Exploring College Readiness in Duval High Schools

5/31/2016

Just how important is it to get into college these days? Unsurprisingly, it’s more important than ever. From 1980 to 2005, the U.S. college wage premium, or the amount wages increase on average due to having a college degree, have increased from 40 percent to 90 percent. In Florida in particular, earnings for a high school graduate can increase from $19,884 to $35,000 with a Bachelor’s degree from a state university. Unemployment for college grads is also much lower than for students with just a high school degree. 

But there are still many barriers, especially financial, for high school students who want a college education. One major obstacle, the price of tuition, can be combatted with scholarships like Bright Futures, not to mention the myriad of scholarships available for nontraditional college students. However, only 24% of Florida’s 12th graders filled out the FAFSA — required for financial aid of any kind — this year. The point is, there is a lot to gain from graduating college, and too many students still miss out.

How likely students are to attend college — and be ready to succeed in their college coursework — depends a lot on their high school. This begs the question: Which of Duval County’s public high schools are giving their students the best opportunities to succeed by continuing their academic career? Using the most current data available from the Florida Department of Education, we can explore how Duval County’s major high schools stack up in preparing today’s young people to matriculate at an institution of higher education. Five readily available, state-collected measures of how likely students are to attend college were assessed for each high school:

  1. The percent of past graduates who continued their education by enrolling in any higher education institution,

  2. Out of those graduates who enrolled in a higher education institution, the percent who enrolled in a public or private university, as opposed to a state college,

  3. The average SAT score out of 1600 (Math and Verbal),

  4. The average ACT Composite Score out of 36, and

  5. The percent of AP exams taken that received passing scores.

Each school was ranked in each of these 5 measures, with their average rank determining their overall college readiness rank. To view the school’s overall college readiness performance, as well as their performance levels in the individual college readiness component measures, please see the data visualization at the end of this post.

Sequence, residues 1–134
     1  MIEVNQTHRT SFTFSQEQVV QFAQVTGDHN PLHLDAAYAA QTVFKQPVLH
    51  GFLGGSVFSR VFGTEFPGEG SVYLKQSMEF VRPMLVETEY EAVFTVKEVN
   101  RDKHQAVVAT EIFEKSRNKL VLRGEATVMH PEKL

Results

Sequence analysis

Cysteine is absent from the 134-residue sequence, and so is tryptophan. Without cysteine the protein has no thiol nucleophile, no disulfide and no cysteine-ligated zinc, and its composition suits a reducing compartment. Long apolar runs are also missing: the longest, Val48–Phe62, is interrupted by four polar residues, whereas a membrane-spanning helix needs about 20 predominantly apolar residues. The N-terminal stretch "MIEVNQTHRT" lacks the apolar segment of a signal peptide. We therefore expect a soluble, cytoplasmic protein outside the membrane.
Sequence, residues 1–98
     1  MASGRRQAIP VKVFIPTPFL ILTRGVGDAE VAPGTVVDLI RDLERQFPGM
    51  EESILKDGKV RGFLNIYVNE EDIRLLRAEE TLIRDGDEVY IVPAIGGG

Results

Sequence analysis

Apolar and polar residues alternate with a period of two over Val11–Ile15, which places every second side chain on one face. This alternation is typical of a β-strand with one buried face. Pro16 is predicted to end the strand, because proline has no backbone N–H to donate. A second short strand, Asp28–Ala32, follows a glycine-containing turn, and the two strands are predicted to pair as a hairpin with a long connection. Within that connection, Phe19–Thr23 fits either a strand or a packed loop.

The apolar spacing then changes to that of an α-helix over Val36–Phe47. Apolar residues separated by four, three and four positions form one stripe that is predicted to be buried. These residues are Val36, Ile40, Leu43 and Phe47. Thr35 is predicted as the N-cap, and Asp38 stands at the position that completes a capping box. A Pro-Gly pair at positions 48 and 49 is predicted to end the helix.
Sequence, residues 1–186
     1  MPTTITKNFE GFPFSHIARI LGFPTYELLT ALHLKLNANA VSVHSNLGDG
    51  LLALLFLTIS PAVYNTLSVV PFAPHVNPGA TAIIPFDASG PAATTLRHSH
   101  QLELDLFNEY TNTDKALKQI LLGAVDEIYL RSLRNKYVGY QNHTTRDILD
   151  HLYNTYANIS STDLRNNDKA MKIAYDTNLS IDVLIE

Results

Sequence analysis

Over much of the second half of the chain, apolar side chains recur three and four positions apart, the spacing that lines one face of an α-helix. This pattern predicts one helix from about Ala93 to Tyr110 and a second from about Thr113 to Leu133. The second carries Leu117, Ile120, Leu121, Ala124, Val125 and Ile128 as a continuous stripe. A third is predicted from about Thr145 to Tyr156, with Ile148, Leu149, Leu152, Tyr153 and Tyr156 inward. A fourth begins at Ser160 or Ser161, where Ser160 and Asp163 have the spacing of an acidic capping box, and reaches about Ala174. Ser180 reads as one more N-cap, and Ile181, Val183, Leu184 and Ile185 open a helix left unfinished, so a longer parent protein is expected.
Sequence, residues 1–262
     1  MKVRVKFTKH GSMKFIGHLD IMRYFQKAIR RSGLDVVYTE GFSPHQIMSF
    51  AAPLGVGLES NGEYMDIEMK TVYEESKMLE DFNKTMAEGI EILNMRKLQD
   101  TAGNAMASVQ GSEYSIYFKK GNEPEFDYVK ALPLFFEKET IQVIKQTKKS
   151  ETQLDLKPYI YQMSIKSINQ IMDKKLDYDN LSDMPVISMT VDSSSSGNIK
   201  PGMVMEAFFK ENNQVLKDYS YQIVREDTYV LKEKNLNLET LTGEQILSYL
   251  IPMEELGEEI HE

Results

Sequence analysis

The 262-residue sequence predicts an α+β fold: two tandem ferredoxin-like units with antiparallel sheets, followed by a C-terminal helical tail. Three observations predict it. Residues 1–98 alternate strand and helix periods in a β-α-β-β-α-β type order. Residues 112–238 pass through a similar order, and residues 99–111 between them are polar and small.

It’s worth mentioning here that, although SAT and ACT scores are routinely used by colleges to determine admission, there are growing questions about how predictive these tests truly are on their own.

It’s no surprise that Duval’s perennially high-performing college-focused academic magnet high schools, Stanton and Paxon, were ranked highly for college readiness within Duval County. Stanton was recently ranked the 31st best high school in the country, and the 7th best in the state. Paxon was ranked 122nd best high school in the country and the 13th best in the state. Although both Stanton and Paxon are located in Jacksonville’s Northside, the fact that they are dedicated magnet schools means that they draw high-performing students from across the county and are not representative of the historically low-income neighborhoods in which they are located. Attempting to create high-performing magnets that can compete with the county’s very best schools, but at the cost of potentially ousting students from the school closest to their home, is a difficult wrinkle in the college-readiness landscape. Achieving balance here has been, and will likely continue to be, a point of contention.

As long as the importance for students to attend a higher education institution remains a prerequisite for jobs in most industries, high schools must evolve their priorities to make sure as many students as possible are prepared to take another step in their education. High schools like Stanton and Paxon are helping many Duval students enroll in higher education, but our community must also focus on getting all Duval high schools up to muster in granting students access to higher education. Models for success despite the odds that address the deeper issues holding students back from college are worth learning from as we plan to prepare students for a brighter future. 

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